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Two Norman Morrisons emigrate
Two Norman Morrisons emigrate
Norman Morrison (Mac Tharmoid Domhnaill, or Martain) of 13 Reef in Uig and his first cousin Norman Morrison (Mac 'an Bhan) from Keith Street in Stornoway left the Isle of Lewis on the emigrant ship the Metagama in 1923.
Norman Morrison from 13 Reef was aged about 24 when he emigrated. He eventually got work in Detroit and served his time as a carpenter. Norman worked hard and in his leisure time learned to play the pipes. Some years later he returned home to Lewis and spent time in the sanatorium in Willowglen, Stornoway recovering from tuberculosis.
Norman soon returned to 13 Reef and his skills as a carpenter are legendary. He steamed the planks to build and repair boats, made large wooden windows for Baile Na Cille church and made very distinctive meal chests. Norman had seen meal chests in America and began to produce customised chests for Uig households. One section of the chest held a boll of oatmeal and the other a boll of flour. This was before the days of freezers and fresh bread in the shops every day. At this time the woman of the house made her own bread, scones and oatcakes every day.
The top section of the chest opened and had a shelf for cream of tartar and bicarbonate. The middle of the top section had three small drawers with brass handles. There was a section which slid out which was a kneading board. Norman 's modification of the meal chests ensured everything the housewives needed was to hand.
The other Norman Morrison also worked hard in his new adopted country. Iain Morrison from Toronto contacted Hebridean Connections with his father's story.
My father Norman Morrison originally of 54 (or 44?) Keith Street, a cottage no longer there, came to Canada on his own in 1920 when he was seventeen. He worked here for a year or so and then returned to Stornoway.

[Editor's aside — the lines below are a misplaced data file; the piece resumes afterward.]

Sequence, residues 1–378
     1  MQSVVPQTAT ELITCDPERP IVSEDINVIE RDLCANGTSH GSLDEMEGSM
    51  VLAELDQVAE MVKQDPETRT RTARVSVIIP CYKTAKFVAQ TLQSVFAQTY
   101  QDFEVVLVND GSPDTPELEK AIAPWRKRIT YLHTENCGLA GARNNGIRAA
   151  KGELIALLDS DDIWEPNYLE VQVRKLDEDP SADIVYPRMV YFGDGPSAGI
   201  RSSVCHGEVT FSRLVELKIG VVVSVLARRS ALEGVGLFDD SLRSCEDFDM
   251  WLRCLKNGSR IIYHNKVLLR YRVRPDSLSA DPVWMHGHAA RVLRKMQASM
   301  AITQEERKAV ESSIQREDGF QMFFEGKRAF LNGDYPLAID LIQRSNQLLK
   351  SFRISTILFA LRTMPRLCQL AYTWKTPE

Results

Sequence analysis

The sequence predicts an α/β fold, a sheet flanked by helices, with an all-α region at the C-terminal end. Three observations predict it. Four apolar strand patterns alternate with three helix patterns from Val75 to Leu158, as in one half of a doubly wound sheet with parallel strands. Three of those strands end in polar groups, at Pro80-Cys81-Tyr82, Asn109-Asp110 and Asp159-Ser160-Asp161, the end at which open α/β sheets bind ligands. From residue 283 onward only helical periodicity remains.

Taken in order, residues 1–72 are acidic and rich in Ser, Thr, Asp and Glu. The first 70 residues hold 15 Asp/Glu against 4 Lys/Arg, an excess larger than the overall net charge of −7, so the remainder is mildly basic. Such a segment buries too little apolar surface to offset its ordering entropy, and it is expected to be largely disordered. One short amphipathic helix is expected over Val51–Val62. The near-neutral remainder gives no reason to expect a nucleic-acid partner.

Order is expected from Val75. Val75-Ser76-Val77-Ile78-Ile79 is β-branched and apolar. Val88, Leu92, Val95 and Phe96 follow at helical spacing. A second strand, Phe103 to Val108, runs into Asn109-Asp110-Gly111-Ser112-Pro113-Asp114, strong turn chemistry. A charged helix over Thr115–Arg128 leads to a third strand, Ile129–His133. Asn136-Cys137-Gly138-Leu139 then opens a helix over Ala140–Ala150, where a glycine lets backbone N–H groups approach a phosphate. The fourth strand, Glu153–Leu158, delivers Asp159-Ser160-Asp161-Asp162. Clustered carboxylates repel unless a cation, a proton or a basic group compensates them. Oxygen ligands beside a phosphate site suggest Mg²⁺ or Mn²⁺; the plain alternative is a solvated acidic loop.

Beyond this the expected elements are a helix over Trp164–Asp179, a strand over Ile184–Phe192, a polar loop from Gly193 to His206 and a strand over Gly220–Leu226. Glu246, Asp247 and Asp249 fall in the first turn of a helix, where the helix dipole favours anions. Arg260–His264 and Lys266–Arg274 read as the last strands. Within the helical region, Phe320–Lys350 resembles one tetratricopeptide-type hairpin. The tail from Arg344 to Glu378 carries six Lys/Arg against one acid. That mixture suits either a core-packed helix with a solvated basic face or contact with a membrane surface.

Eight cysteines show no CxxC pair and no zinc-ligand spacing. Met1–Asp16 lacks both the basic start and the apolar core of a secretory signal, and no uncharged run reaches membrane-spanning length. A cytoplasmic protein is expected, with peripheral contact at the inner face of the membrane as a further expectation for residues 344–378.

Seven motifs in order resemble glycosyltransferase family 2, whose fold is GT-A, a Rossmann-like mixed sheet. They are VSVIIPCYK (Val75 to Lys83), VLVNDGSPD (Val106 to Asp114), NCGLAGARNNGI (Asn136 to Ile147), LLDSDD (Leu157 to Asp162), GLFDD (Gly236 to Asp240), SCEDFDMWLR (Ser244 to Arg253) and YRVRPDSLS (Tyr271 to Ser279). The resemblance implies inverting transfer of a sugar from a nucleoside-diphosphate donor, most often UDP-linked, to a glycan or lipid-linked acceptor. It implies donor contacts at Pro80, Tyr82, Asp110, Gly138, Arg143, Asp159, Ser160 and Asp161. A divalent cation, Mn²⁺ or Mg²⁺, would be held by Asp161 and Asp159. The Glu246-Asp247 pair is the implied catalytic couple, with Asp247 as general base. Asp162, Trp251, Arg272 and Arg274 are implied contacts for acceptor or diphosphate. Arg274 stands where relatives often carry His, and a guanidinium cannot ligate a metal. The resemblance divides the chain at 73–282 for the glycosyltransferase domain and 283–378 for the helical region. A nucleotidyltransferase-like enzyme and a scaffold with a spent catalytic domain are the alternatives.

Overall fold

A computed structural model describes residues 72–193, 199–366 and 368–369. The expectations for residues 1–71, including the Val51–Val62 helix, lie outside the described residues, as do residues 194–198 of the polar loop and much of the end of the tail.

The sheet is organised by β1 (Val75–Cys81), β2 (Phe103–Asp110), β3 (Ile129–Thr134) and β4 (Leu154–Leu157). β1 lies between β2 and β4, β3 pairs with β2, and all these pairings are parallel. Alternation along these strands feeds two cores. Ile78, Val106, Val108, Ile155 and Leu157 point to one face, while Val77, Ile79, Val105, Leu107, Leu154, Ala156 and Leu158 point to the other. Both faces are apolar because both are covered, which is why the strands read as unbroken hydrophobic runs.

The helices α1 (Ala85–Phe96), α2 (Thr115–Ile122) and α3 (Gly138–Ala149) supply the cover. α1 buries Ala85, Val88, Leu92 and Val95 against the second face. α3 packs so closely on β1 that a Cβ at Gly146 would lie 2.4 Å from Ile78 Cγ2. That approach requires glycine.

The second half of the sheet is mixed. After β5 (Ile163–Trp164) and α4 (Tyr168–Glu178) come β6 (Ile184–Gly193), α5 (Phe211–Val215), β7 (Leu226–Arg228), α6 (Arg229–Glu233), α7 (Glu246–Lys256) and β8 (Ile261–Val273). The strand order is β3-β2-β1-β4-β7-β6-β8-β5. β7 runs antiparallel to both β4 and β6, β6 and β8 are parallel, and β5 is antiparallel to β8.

His father John had sold his fishing boat to assist with Norman's payment of the necessary ocean passage.
Arriving at the old Union Station in Toronto and keen to get employment he went to the newsstand to buy a newspaper to see the "Jobs Available" ads. Returning to where he had put down his only suitcase in the station hall he realized that someone had lifted it. This left him in a strange city with just the clothes he was wearing, his Sunday best, and no other belongings. Fortunately he had kept all his money in his pocket during his travels.
Seeing a "wanted" ad for a construction labourer he rode the street car out to the west end of Toronto and found a queue of applicants forming at the job site. The job was manually excavating for a foundation for concrete supports for a railway bridge. Some of the applicants looked at the work being done which was pick-and-shovel work, decided not to apply and left the queue immediately. Soon Norman was at the head of the line. An earlier candidate was already down in one of the pits was digging away steadily. After a while the man started to ease up, to take a rest and he was informed by the foreman that he would not qualify for the job. By then there was a small line of determined men awaiting their opportunity.
The foreman then waved Norman, still attired in his best clothes, to get in the pit and to start digging and shoveling the dirt out over the now quite high parapet. He knew that if he once lifted his head for any reason that the foreman would call him off the job. It had been clear from the start, that seeing Norman's smaller 5'6" stature, the foreman did not expect him to go for very long and there were plenty of others eager to have a go at the job. It was hard to maintain a firm footing with his "good" shoes in the now somewhat muddy pit and of course his good suit was now covered with wet mud and clay. However the end of the normal shift finally came and he was still going steadily. He was told to report for work the next day!
My father returned to Lewis and after learning the blacksmithing trade there he came back to Canada on the Metagama in 1924. Apart from a period of WWII Armed Service duty he spent the rest of his life here in Canada.
- Maggie Smith
(Norman mac 'An Bhan evidently gave his age as 19 when he emigrated on the Metagama in 1924 - perhaps an error.)